It’s been two years since US electro-goth outfit Lunar Twin released their magnificent album ‘Ghost Moon Ritual‘ back in April 2020: a point in time when we were oblivious to the full force of what was to come around the globe.
Now, the band is back with their new album entitled ‘Aurora’., out through Tropical Depression Records. One half of the duo, singer songwriter Bryce Boudreau, says:
After the challenges of the last few years making music is more so than ever a refuge for me. I’m grateful to get to do this again.
The other half of the duo, Christopher Murphy, adds that he is:
…excited to share this journey of the last year of making Aurora in this different new reality.
Based in Salt Lake City, Murphy adds:
We live thousands of miles apart separated by the Pacific ocean and mountains ranges and deserts. These disparate places of isolation are the nexus for our songwriting.
Bourdreau, who lives in Hawaii, adds:
The juxtaposition of desert and ocean plays a big role in this album, the ebb and flow of the modern world colliding with an ancient one. The moods of ‘Aurora’ embody the ongoing conflicts between humans and their machines, vs. the mysteries and unknowns of the primeval world. A sort of homage to the dream state that exists somewhere between the two differing realities.
Despite the vicissitudes of life that have burdened us all in the recent years, one thing is certain: Lunar Twin remains an exciting and vital musical force and ‘Aurora’ continues their adventurous and exciting sonic journey.
There is a visceral dark and gothic undercurrent to the electronic flow in the album: a motorik beat driving glacial synths that support the sonorous vocals with a scatter gun percussion. The fuzzy thrum and insistent forward motion is sparse and atmospheric, with an ebb and flow that is cathartic. The electronic aura cuts and thrusts like a sabre – the cold distant attack reminiscent of Nine Inch Nails, leavened by a dream pop melody.
Opening track ‘Beyond The Sun’ contains, antithetically, all the chill and stature that exemplifies Lunar Twin’s previous work. It is accompanied by a brilliant, immersive video, directed by Mizuki Hayashi, has a sci-fi anime feel that nods at Akira or Ghost In The Shell within a Blade Runner neon-lit world, interspersed with the band performing. It is enigmatic and ominous at the same time, fitting in with the sonic multi-layered architecture of the music. Boudreau says:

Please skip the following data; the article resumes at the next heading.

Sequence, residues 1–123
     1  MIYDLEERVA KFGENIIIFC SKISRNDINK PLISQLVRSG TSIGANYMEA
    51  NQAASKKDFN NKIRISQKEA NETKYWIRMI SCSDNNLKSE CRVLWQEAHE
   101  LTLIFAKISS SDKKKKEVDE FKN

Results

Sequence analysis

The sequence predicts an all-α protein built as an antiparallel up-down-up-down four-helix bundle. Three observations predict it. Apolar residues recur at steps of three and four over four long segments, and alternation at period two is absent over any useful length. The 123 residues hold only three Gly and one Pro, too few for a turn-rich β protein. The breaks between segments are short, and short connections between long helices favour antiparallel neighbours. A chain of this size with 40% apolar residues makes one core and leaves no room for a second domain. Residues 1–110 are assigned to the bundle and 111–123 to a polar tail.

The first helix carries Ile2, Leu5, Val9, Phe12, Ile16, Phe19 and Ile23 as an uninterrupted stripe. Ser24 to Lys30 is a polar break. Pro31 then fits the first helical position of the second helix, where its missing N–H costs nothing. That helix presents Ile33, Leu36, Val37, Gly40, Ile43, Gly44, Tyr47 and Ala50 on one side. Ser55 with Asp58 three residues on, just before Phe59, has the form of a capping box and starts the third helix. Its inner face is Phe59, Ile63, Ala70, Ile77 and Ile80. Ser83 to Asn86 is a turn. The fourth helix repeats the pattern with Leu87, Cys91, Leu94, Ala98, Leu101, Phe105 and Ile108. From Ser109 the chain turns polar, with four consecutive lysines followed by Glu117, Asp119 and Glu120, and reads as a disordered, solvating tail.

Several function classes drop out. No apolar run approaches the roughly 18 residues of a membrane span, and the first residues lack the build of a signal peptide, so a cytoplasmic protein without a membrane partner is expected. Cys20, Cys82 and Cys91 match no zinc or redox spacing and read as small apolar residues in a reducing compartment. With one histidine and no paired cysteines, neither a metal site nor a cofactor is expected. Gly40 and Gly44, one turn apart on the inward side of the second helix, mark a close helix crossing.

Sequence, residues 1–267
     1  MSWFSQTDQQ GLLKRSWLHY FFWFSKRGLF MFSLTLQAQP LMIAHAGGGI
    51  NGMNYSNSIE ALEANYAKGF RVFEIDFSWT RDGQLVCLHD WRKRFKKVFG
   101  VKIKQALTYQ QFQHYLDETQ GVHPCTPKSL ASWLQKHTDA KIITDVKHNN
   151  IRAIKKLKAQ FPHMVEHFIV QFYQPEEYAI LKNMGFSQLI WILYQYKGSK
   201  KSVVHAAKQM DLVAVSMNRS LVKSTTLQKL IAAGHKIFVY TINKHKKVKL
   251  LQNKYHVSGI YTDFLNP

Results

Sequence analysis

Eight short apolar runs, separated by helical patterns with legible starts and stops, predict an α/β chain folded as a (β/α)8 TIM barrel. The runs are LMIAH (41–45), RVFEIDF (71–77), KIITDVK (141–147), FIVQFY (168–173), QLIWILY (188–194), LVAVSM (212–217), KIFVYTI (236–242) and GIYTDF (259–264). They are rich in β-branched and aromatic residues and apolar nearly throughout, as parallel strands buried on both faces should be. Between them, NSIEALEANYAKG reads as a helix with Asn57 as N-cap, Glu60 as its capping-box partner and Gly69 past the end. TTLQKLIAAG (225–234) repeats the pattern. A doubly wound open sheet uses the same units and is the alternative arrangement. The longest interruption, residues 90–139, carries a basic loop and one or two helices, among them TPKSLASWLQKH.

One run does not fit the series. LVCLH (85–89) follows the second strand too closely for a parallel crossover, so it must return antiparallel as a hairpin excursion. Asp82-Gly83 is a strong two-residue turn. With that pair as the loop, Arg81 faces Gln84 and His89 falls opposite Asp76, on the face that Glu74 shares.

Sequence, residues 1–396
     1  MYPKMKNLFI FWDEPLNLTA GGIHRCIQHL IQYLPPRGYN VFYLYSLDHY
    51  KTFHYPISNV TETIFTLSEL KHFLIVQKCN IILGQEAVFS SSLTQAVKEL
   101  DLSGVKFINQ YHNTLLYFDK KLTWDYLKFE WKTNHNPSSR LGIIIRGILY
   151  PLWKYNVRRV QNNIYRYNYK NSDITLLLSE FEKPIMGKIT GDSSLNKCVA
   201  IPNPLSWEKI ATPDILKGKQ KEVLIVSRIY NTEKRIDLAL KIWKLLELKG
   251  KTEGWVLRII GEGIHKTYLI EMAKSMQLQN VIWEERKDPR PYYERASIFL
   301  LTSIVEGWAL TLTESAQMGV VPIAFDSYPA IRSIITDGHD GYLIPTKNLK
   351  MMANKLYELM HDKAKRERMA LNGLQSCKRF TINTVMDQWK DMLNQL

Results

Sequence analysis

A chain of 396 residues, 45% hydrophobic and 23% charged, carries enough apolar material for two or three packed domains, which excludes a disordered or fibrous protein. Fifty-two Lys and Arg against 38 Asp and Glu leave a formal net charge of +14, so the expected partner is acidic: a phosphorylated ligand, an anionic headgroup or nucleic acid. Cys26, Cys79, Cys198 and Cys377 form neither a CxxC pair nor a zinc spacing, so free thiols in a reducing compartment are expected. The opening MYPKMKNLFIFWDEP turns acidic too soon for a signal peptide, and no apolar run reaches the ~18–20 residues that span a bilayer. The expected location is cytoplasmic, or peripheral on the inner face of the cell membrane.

I love how Mizuki envisioned this new world, then brought it to life around our song . We are lucky to have her work with us
Mizuki really found a way to show her own concepts and way of seeing the world and yet still fit with the vibes of our song I’m stoked to have worked with her
The result is a perfectly executed marriage of sight and sound in a purple hue that befits the mysterious nature of this very exciting band:
Second track ‘Cars’ has an hypnotic syncopated beat with ghostly, distant vocals soaring above the thrum. A guitar riff cuts through the fog with glacial precision.
‘Android Dreams’ has a statuesque presence with its motorik heartbeat and quiet understated drive that snakes its way into the head. The vocals are whispered, deep and sonorous with an ominous edge, evoking an image of rich red velvet-walled bars late at night, bacchanalian excess and a sense of regret and loss.
The video contains creative common and fair use footage of work by the famed Dutch cinematographer Robby Müller who died in 2018. It was made by Frances Campbell, a fan of the group, re-filming and creating collages of Müller‘s works as a educational tribute to him, interspersed with the band performing. She felt like the band’s music was cinematic in nature and would be suitable pairing. Murphy says:
…really random things seem to happen to us: folks we have never met sending us such a cool video out of the blue wanting to collaborate with us for this tribute video.
I love the imagery: I was swept away in memories watching the collage Ms Campbell assembled
The result is mesmerising and immersive as the vocals intone softly I guess the hardest part is that humans have no heart over a set of sweeping, restless movements bathed in a muted night time neon glow.
Müller worked with the legendary directors Wim Wenders, Jim Jarmusch, Lars Von Trier and Sally Potter to name but a few, and his distinctive style and pioneering in digital cinematography seeps its way into the collages in the video. Widescreen and enigmatic, the images bleed and pulsate together in time with the beat of the track. The duo appear as ghostly apparitions against the backdrop of change and motion: enigmatic and mysterious:
‘Can’t Stop The Rain’ has an atmospheric pulse with more glacial synth riffs that elevate the track into something vital and animated. In tracks like ‘Traveler’ and ‘Silver Strand’, Boudreaux’s vocals remain almost whispered and set back behind the electronic beat – observant and distant.
‘Night Orchard’ warms the chilly air with its billowing synths, the vocals whispering enigmatically in your ears while ‘Dark, Dark Wave’ and ‘Shadow Language’ pulsate with rippling guitars. Final track ‘A River Cuts Thru Stone’ has the stature of something grand and eloquent, gentle synths and a celestial presence.
‘Aurora’ is out now and can be downloaded and streamed through all the usual sites and through the link below: